Doing Nothing

Forget Kant, Mill, and Aristotle. Calvin (the mischievous boy, not John) and Hobbes (the tiger, not Thomas) are the modern era’s philosophers. I devoured C&H as a kid and have found that far from becoming less relevant, the comic strip had become more so.

To illustrate why, let’s look at one of my all-time favorites:

Replace “summer” with “three month trip through South America”. Well, I suppose summer is almost over — let’s keep it as is.

I got to the sleepy town of Salento after trekking through the jungle in northern Colombia for five hot, sticky, tough, but rewarding days. I quickly decided that I was ready for a change of pace.

There’s a tendency when traveling to want to chase after the next adventure. I don’t think there’s anything wrong with that, but I have a hunch that Calvin is on to something. Sometimes we need a whole lot of nothing and there never feels like enough time for it. In Salento, I was going to make time for it.

It’s easy to forget that when the world is racing so fast that there’s a quiet story unfolding patiently in the background. I decided that I was going to stay still and try to watch it. So, after I did a much anticipated tour of a coffee finca and a beautiful hike in the Valle de Cocora, I settled into the nothing.

Boy, did it feel good. I would wake pretty early and grab a mug of fresh coffee from the nearby finca. Sometimes I would just sit with the cup and sip contently. Often I would read, and, if the mood struck me, write.

After a long stretch of missing my daily meditation practice and trying to find mindfulness in other ways, I found the space to begin again amidst the nothing. I moved a chair to a nice spot with a view of the valley and sat there often, rhythmically breathing in and out in a powerful yet simple ritual.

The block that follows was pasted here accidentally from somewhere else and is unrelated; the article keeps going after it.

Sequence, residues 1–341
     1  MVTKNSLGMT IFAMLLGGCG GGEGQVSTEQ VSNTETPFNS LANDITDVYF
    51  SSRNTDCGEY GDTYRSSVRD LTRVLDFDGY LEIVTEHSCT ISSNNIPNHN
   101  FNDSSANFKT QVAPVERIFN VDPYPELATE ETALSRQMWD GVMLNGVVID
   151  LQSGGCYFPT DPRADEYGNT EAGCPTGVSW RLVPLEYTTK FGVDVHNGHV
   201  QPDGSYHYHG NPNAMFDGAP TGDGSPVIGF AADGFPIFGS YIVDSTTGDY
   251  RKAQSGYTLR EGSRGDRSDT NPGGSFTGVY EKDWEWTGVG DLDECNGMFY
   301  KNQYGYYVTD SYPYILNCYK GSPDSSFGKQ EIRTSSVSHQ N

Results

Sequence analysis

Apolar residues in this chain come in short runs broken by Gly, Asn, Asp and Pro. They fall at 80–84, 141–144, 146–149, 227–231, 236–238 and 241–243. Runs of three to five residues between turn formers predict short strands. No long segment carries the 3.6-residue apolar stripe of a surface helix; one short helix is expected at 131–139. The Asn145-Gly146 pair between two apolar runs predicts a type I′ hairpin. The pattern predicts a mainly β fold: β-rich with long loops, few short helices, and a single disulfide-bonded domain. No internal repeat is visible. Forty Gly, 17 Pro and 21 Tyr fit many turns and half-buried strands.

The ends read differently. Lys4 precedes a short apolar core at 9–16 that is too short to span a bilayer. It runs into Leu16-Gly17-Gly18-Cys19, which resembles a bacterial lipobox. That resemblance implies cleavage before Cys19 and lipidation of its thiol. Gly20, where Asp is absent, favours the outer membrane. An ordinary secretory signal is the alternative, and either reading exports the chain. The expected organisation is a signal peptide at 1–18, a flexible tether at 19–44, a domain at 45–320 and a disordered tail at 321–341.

At some point in the morning, I would migrate to the hammock and carry on as before: coffee, reading, writing. Every once and a while, I would just lay back. Do nothing.

Later, I would get lunch. As the coffee was the only thing to sustain me in the morning, I was normally pretty hungry. I found a regular spot that would only have two sets of three options:

trucha / pollo / chorizo

verduras / frijoles / espagetti

It came with soup, a small banana, fresh juice, rice, salad, two different type of fried corn, and plantains. It was a no-frills spot and always delicious, and quickly my favorite became favorite trucha and frijoles. I tried to eat slow and enjoy all the flavors.

After lunch I would often walk up the hill and flights of stares to the Mirador - the lookout point. You could sit under the shade of a tree and look over the town in one direction and into the valley the next. It was a great place to do nothing.

Back at the hostel, I would grab another cup of coffee and settle in again. The afternoons were my favorite for thinking, and I spent a lot of time working through the next few chapters of my life (they’re currently only drafts). Soon enough, the light would be race to the horizon with the sunset and I would walk down the road to a raised hill and soak it in.

The evening would unwind quietly. I would go out for a small dinner - I was normally pretty full from lunch - and make awesome decisions like having a ice cream sundae brownie with peanut butter. Before I knew it, I would be ready to sleep. What beautiful days of nothing!

Some might view all this nothing as a waste, but I would beg to differ. I wrote that I wanted to travel to grow my soul, and I’m convinced that my soul grew in the quiet nothing those days in Salento. It’s almost like I had been filling it with so much experience these past months that it needed a moment to take it all in. When I get home, I have to remember that feeling of growth that pause gives. I have to make the space for nothing.